A document must be created covering the procedures and responsible persons in cases where the DRP (Disaster Recovery Plan) should be activated. It should also describe the return processes after/if a non-functioning part of the infrastructure has been recovered.
- Disaster recovery technical procedures: These define the execution of the technical actions that are included in the Disaster Recovery Plan.
- Monitoring the recovery solution: The IT infrastructure changes all the time, as do business processes, their criticality and the persons responsible. The solution therefore needs to be regularly tested, monitored and adapted to match the current situation.
Urgent action is needed
Today, it is clear that the changes taking place in recent years require organisations to implement a new approach to the situation. Ensuring the continuity of IT processes requires the same approach.
Unfortunately, to maintain a smoothly running IT infrastructure, a one-time audit and planning are not enough – it is important to regularly test your plans, assess how quickly the data and other important parameters can be recovered and update your recovery plans accordingly.
We apply these procedures to the critical processes in our own company, and this year, with the change in the geopolitical situation, we have re-assessed them in relation to the new situation.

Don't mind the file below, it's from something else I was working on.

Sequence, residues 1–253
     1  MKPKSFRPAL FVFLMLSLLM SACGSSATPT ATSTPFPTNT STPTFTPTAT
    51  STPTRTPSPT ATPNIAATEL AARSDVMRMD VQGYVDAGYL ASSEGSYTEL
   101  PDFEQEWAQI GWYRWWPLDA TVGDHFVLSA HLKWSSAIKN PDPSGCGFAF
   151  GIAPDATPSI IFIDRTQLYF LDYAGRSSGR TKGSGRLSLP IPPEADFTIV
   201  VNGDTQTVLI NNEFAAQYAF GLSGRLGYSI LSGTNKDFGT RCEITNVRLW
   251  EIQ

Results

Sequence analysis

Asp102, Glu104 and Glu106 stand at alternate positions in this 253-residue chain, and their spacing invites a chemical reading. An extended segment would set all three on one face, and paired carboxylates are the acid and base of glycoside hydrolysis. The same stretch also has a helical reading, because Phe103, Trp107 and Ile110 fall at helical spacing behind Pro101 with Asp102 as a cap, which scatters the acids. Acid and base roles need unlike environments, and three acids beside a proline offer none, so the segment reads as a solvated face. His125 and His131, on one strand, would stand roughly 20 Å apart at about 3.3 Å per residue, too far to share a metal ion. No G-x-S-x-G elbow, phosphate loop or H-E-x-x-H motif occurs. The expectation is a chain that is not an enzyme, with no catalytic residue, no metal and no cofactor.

We urge other organisations to assess the stability of their IT infrastructure as soon as possible, and to make sure that it will continue working properly. This will ensure the long-term and stable operation of your IT infrastructure under any conditions.
About Novian group
Novian Technologies is part of Novian group, whose companies provide technological, software and digitisation solutions, as well as integrated IT solutions and services in those fields.
Novian Technologies competencies include creating and maintaining an IT infrastructure and adapting it to meet new requirements. Its service portfolio includes solutions related to high-performance computing devices and clusters, as well as open source cloud technologies, high-reliability data, archiving and more. In addition, the company provides maintenance services for critical IT infrastructures.
Novian’s corporate activities range from the smooth day-to-day running of IT to software development on a city-wide or national scale, as well as the development of information systems for particular sectors and digitisation solutions.
The companies in the Novian group implement projects in fields that include private enterprise, e-government, e-health, e-taxation and AI solutions.
The group’s companies are based in the Baltics, Norway and Moldova, from where they serve clients and implement projects across the globe. Between 2016 and 2021, the projects implemented by the Novian companies spanned more than 50 countries in Europe, Africa, Asia and the Americas.
Source: vz.lt project.